China has been pushing for yuan’s global use, as the world’s largest trading nation looks to lower transaction cost in international trade, which is mostly settled in US dollars at present. Renminbi has joined the ranks as one of the most-widely used currencies in global markets.
CNBC reports that the renminbi stands as the world’s largest trade-finance currency after the US dollar. China’s currency is expected to surpass the Japanese yen as the world’s 4th-most used international currency.
Data released by the International Monetary Fund (IMF) showed that in 2014 the renminbi had accounted for 2.96 percent of worldwide trades, along with total direct investments valued at US$ 1.05 trillion.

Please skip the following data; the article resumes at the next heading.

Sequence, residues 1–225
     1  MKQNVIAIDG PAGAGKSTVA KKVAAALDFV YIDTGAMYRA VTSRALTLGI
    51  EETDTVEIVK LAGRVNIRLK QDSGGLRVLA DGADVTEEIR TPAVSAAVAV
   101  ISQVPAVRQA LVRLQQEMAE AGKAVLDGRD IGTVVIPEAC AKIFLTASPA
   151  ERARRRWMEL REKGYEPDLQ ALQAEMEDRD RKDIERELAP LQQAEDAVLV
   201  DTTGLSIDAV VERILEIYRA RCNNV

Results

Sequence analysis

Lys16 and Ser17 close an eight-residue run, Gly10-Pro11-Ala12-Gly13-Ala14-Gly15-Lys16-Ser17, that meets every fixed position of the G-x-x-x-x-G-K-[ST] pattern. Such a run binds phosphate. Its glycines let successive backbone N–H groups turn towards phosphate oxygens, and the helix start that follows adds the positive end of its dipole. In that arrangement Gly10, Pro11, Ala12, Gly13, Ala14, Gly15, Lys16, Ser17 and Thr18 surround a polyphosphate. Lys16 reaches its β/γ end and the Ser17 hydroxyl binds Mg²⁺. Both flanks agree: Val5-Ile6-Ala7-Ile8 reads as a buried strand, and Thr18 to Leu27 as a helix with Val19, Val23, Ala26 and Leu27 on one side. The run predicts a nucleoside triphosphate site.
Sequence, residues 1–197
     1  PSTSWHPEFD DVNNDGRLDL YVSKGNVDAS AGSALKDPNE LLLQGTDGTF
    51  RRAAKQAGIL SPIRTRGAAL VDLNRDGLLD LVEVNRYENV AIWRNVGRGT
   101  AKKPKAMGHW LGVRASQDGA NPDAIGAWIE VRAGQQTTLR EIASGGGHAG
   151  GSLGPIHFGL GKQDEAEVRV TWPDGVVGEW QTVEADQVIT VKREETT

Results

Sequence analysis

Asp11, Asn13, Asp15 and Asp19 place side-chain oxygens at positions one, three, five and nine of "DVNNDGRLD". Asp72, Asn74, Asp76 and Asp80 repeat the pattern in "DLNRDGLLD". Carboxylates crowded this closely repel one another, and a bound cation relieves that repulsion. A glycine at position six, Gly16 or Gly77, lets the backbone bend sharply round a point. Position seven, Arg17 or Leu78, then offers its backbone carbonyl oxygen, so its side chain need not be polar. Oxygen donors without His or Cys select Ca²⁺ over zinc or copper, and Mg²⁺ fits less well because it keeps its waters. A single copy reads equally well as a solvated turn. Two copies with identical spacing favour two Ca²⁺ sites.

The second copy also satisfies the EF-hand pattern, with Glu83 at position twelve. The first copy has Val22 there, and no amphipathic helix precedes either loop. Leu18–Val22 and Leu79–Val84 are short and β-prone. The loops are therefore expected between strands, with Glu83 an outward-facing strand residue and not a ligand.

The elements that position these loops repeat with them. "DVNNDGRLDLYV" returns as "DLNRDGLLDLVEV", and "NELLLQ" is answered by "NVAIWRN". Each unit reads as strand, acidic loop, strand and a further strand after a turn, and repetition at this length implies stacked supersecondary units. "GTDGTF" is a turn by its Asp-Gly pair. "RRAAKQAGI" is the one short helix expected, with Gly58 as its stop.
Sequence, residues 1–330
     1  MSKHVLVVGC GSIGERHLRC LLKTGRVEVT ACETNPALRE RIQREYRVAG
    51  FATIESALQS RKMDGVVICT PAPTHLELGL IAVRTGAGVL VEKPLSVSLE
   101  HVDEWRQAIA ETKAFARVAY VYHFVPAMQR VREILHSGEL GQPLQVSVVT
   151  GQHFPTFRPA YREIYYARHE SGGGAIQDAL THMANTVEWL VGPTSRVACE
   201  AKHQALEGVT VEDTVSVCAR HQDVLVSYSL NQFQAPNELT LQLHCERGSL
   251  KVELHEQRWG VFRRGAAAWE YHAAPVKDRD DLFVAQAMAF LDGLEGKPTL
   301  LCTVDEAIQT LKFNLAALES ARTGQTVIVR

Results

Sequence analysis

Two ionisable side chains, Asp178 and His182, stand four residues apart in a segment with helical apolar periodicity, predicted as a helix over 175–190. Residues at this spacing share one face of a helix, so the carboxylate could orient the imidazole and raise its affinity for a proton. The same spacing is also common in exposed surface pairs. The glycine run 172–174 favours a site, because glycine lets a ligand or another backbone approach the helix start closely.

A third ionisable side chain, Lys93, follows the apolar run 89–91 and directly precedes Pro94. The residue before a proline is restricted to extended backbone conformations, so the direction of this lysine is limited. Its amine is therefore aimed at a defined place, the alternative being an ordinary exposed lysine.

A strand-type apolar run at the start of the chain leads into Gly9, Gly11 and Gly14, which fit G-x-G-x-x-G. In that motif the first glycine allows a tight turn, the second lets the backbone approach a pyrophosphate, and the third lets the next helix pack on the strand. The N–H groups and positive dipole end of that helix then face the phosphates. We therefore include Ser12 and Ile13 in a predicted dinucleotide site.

Moreover, $94 billion of official assets were already held in renminbi at the end of 2014, accounting for 1.1 percent of global foreign exchange reserves.
The IMF last year agreed to include renminbi into its Special Drawing Rights (SDR) currency basket, as a clear representation of the reforms in China.
Last week, the Monetary Authority of Singapore (MAS) announced that it will include renminbi investments as part of its official foreign reserves from June.
Rani Jarkas, Chairman of Cedrus Investments, an investment pioneer with years of financial experience in Asia, said, “As China plays an increasingly important role on the international stage, RMB is becoming truly global and this is set to continue.”